Victims are being asked what they would do if given the chance to come face to face with the young people who commit crimes against them.
Between April and September this year, 236 victims of youth crime were contacted by Durham County Council’s Youth Offending Service to offer them the opportunity to see offenders give back to the wider community.
And as International Restorative Justice Week begins, County Durham Youth Offending Service (CDYOS) has revealed that over the past five years such work has helped see the number of young people committing crime fall by 51.5 per cent, with the number of crimes they commit down by 46.8 per cent.
Gill Eshelby, CDYOS’ strategic manager, said: “Restorative justice is never an easy option and it takes real commitment from all parties to make it work, but the results are worth it.”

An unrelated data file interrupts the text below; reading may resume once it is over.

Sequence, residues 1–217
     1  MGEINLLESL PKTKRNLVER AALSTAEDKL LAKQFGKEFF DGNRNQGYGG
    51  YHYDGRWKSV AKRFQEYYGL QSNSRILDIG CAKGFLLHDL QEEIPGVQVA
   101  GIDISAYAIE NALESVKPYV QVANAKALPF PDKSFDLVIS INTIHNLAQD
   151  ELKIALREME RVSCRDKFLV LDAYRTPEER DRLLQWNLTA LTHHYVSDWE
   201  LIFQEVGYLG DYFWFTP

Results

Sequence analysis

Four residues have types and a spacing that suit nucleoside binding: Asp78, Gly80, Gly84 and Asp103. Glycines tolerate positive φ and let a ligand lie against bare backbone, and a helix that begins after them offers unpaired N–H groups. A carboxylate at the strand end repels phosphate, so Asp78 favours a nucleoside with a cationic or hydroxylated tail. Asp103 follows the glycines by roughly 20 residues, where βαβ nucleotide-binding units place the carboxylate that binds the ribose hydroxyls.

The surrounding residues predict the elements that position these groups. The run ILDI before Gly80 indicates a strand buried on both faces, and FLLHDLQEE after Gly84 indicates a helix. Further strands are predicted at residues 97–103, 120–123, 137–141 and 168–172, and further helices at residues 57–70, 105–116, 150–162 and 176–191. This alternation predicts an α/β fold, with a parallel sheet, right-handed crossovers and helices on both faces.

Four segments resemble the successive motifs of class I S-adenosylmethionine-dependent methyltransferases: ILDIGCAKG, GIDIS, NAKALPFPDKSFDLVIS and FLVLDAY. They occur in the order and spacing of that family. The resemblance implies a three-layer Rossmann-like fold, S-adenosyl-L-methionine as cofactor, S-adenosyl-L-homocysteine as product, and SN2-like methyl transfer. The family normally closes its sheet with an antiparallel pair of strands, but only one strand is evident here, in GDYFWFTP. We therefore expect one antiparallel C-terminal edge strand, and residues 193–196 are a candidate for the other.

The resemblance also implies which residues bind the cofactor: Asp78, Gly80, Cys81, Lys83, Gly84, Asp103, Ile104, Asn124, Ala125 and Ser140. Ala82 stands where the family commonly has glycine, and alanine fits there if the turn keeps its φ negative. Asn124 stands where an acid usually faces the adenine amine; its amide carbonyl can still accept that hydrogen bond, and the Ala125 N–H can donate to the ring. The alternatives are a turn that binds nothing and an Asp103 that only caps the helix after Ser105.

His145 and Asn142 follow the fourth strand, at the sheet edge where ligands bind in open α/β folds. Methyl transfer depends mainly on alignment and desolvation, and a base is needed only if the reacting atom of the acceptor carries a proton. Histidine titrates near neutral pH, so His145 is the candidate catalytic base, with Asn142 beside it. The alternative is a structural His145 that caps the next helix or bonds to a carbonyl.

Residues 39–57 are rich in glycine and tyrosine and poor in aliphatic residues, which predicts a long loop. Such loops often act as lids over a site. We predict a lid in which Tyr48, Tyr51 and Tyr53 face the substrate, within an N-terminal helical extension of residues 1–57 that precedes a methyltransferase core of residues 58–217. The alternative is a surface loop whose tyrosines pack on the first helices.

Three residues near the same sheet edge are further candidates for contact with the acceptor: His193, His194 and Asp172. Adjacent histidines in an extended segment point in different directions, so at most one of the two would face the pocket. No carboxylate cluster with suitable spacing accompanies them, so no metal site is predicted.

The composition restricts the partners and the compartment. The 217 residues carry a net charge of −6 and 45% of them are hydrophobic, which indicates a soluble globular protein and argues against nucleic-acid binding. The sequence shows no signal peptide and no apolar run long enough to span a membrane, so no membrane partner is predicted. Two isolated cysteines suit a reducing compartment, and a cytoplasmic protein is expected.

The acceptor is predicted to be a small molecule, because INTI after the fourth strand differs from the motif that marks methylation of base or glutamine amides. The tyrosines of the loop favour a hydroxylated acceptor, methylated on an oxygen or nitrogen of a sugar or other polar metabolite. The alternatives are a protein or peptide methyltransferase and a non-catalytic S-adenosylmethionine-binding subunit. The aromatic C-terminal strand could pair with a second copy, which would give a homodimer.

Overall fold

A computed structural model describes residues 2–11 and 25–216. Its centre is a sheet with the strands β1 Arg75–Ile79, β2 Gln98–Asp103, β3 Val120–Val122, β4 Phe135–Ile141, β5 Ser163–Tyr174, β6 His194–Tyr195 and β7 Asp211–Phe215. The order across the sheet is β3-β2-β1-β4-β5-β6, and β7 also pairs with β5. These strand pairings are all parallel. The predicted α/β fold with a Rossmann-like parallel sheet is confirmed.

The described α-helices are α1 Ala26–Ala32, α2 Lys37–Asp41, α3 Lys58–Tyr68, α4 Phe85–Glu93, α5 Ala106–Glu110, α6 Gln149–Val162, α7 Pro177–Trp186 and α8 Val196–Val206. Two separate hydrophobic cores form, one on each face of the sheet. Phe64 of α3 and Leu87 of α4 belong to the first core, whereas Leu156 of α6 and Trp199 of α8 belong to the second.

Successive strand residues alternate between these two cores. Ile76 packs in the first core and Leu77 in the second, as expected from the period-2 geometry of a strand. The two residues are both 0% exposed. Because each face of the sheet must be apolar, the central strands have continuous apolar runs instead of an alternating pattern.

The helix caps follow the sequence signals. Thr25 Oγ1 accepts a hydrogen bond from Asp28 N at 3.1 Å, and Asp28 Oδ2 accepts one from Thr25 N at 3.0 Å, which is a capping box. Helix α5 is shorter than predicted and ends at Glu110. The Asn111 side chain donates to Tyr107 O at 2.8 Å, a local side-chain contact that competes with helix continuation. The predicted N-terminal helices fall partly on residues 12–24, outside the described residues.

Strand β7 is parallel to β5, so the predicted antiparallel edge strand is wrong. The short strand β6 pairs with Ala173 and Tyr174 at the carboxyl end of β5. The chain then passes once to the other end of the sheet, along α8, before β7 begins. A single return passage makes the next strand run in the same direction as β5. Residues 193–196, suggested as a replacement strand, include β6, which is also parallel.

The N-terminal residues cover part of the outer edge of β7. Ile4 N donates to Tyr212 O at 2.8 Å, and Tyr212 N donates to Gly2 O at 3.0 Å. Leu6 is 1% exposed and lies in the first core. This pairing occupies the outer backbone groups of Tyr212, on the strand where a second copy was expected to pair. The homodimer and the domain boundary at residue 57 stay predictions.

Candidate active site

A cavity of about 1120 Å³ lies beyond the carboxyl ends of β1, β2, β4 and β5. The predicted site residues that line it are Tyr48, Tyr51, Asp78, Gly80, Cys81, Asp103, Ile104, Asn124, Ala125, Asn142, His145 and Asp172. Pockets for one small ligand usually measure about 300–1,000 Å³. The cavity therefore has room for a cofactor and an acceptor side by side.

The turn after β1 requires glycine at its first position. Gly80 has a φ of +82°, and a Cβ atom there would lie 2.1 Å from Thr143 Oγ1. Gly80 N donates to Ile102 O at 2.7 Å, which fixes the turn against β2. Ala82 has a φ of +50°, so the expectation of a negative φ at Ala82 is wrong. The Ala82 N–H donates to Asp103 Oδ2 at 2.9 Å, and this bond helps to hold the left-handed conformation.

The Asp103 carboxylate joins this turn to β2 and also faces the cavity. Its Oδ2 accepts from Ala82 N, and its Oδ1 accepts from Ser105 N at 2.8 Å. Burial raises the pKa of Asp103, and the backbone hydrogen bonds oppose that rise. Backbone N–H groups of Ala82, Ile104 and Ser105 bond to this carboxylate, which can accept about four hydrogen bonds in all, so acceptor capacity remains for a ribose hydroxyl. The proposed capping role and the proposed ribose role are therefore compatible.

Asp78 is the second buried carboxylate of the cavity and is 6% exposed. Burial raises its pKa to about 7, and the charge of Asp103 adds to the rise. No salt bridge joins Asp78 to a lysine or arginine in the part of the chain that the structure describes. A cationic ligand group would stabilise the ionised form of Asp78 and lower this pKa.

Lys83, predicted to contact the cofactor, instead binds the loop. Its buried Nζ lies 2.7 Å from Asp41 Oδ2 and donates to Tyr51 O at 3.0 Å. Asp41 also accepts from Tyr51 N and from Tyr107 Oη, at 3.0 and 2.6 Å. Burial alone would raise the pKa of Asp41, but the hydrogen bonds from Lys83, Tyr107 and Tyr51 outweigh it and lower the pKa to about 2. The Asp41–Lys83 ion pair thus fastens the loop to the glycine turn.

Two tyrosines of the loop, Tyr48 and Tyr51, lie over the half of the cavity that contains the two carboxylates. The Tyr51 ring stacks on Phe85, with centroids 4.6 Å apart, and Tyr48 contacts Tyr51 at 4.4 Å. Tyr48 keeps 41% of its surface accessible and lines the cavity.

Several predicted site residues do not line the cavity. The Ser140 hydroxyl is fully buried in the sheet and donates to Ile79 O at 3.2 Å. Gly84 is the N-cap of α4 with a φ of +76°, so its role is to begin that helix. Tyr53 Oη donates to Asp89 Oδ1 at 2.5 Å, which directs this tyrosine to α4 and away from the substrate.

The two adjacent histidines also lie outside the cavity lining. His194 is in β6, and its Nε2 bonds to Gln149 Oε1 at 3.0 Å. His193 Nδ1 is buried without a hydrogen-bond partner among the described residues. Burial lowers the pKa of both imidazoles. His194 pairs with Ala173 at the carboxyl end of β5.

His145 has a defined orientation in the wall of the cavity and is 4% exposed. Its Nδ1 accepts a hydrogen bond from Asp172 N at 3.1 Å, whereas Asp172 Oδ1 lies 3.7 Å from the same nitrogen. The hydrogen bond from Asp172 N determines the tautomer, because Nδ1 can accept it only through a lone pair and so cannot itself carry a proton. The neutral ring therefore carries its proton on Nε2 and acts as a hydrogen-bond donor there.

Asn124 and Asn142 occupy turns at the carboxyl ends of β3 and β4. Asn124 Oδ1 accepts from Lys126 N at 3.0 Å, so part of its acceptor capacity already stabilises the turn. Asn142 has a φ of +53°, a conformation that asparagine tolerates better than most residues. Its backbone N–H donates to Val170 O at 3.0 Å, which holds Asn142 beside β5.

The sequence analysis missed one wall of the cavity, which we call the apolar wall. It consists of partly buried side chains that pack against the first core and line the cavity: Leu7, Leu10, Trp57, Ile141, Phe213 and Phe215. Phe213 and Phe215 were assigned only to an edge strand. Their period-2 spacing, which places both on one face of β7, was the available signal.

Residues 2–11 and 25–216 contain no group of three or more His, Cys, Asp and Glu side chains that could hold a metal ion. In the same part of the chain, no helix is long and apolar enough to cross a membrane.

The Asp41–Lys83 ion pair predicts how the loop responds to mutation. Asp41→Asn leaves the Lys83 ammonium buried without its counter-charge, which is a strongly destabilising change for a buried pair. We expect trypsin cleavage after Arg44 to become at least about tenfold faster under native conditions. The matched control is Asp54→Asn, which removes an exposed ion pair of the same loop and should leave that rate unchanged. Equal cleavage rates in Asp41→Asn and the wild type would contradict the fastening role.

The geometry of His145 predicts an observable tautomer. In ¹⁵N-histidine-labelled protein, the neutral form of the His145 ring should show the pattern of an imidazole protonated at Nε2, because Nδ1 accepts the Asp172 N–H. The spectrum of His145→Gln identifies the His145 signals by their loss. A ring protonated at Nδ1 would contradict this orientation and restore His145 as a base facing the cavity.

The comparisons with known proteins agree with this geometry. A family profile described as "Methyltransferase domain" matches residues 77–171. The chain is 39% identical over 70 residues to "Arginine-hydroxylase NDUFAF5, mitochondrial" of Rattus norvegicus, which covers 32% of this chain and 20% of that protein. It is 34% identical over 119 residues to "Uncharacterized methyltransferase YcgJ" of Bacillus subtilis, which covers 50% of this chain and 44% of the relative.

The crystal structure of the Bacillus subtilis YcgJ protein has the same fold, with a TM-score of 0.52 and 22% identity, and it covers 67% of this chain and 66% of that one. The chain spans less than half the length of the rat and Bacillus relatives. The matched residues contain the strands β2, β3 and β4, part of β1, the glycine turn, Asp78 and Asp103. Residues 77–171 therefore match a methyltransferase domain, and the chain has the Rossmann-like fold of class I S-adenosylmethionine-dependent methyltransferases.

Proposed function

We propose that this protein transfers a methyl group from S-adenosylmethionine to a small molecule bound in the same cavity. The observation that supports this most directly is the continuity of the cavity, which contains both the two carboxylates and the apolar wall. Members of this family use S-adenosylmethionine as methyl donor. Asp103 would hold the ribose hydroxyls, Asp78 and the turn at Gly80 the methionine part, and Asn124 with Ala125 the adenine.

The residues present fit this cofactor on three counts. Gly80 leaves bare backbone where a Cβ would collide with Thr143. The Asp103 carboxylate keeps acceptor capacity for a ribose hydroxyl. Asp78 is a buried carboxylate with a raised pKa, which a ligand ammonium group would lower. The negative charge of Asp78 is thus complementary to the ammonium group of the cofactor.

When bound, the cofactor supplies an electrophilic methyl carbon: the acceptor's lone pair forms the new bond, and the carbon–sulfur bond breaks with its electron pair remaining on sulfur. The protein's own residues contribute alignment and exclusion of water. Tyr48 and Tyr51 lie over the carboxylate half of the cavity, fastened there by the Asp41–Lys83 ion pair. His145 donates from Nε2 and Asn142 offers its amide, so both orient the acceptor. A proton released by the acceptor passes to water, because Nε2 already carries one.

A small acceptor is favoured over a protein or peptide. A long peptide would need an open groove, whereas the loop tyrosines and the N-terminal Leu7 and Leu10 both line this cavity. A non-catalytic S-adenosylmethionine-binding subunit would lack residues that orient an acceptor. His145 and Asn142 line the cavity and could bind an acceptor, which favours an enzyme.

Each year the youth offending service works with both many young people who offend, and victims, on a range of restorative justice projects that benefit not only those directly affected by crime, but the wider community.
In total CDYOS oversaw 5,231 hours of restorative justice during 2014/15, with nearly three in five victims of youth crime participating – but such work was not just about litter picking.
It also included working with local organisations, undertaking environmental projects, building maintenance and potentially any other project that a victim suggests – especially if it helps develop a young person’s skills.
And charitable initiatives, including young people making poppies for Remembrance Sunday, Christmas wreathes, spring flower baskets and summer nesting boxes, have, over the last three years, helped raise nearly £5,000 for local charities.